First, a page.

I was at the launch of another Steele Roberts book the week before. Dunedin poet/artist Claire Beynon launched her first book, Open Book, at the ArtSpace gallery. It's gorgeous – a real coffee-table treasure. She wanted to tap into the heritage of the "artist's book", so it marries her paintings/images with her poems. Very very good. I plan to review it in the next few weeks, so I'll post the review on my website.

Speaking of reviews ... in a(nother) fit of madness, I put myself down to review another book for the NZPS. Rae Varcoe's Tributary. 

Stay tuned for more.

Tuesday, 11 March 2008

poem in progress – Burning

I thought it was probably time to post a work-in-progress.

Haibun – Burning

Winter, and I’m burning tree-stumps. This one, deep in the cattle-camp of scribbly gums, sticking out a metre, with a sharp point like the one that bled the broodmare dry.

Build the twig-pile around the base, burn the wood-witch at the stake. Bullgrass and bark-pith tucked under. The match flares like a curse, like a hole ripped open into another world. Friend and enemy, servant perpetually on the point of rebellion. Blessings laid at the foot of the mountain. I lean close, give it my own breath.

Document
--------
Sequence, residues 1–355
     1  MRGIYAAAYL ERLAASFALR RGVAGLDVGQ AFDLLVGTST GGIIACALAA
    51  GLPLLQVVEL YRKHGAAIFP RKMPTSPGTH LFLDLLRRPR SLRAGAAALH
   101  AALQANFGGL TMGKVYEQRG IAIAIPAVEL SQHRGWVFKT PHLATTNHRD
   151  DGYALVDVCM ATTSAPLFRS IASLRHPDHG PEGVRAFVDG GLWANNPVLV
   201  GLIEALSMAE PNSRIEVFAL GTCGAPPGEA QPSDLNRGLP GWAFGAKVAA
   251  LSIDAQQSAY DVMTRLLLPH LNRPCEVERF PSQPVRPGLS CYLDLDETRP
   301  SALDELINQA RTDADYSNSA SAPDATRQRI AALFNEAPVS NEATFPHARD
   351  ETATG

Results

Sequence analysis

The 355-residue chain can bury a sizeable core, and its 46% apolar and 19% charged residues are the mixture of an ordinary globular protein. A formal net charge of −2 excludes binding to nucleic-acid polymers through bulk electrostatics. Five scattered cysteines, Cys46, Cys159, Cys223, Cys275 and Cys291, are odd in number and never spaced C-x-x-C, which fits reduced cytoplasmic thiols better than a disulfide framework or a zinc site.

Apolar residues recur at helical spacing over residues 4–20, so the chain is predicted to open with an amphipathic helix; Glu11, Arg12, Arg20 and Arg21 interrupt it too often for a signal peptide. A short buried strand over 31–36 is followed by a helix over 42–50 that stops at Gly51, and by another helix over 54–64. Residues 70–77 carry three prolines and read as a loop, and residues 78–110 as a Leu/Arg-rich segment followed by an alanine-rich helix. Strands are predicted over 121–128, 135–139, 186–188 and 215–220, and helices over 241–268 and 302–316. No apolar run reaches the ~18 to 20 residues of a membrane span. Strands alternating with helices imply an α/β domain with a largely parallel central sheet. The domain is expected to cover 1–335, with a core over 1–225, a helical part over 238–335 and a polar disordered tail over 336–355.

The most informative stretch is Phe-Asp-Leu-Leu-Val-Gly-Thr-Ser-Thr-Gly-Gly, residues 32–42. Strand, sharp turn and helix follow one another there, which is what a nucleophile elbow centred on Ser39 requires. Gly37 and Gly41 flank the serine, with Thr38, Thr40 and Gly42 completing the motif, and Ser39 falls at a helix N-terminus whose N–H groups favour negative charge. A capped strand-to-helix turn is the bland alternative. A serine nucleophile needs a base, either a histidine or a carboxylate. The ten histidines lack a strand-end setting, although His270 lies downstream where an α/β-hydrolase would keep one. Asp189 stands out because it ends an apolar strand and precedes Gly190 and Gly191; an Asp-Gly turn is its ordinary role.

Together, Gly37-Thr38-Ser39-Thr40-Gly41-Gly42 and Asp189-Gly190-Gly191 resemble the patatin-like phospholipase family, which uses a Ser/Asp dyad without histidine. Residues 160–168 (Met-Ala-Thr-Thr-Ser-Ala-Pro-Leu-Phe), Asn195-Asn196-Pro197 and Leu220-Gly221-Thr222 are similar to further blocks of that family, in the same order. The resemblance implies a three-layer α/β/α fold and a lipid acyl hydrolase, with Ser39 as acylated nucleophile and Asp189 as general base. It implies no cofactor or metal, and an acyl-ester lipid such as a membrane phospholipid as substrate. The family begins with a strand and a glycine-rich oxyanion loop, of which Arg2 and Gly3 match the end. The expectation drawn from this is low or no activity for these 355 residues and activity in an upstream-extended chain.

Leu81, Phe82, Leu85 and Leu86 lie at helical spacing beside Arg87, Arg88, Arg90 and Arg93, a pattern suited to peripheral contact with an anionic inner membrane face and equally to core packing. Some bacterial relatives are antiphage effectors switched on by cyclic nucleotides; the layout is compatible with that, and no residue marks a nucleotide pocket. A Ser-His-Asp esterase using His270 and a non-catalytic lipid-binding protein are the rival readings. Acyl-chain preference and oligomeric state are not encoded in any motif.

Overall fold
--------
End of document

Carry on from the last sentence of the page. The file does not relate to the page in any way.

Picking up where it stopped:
first light –
a dusting of ash
against frost

I started writing this haibun about a week ago. It's made up of lots of different memories, but is loosely based on a particular event. I've been toying with the length a fair bit - the first draft was much longer, and covered a couple of days. But pared back feels better. I know the haiku is still not right – it's verging on being a recapitulation, rather than an extension of the ideas.

As seems to be the case quite often these days, the poem was prompted by reading some new haibun by Jeffrey Harpeng. It's a collaboration between four poets – Jeff, Patricia Prime, Diana Webb and Jeffrey Woodward – called "Quartet: a string of haibun in four voices". Wonderful stuff. I think they're looking to publish it as a chapbook, funding permitting.

Suggestions? Comments? (Be nice! Or at least interesting!)

Thursday, 6 March 2008

Poetry and Music

I use music a lot when I write. A lot of my poems have been written to what amounts to a a "theme song" – a piece (or pieces) of music that fits the emotional texture of the poem. That takes me back into the emotions that the poem is coming from. Writing being the stop-start affair it is (in my case anyway), I find it really useful to have something that can do that. (I also use aromatherapy, but that's a topic for another time.)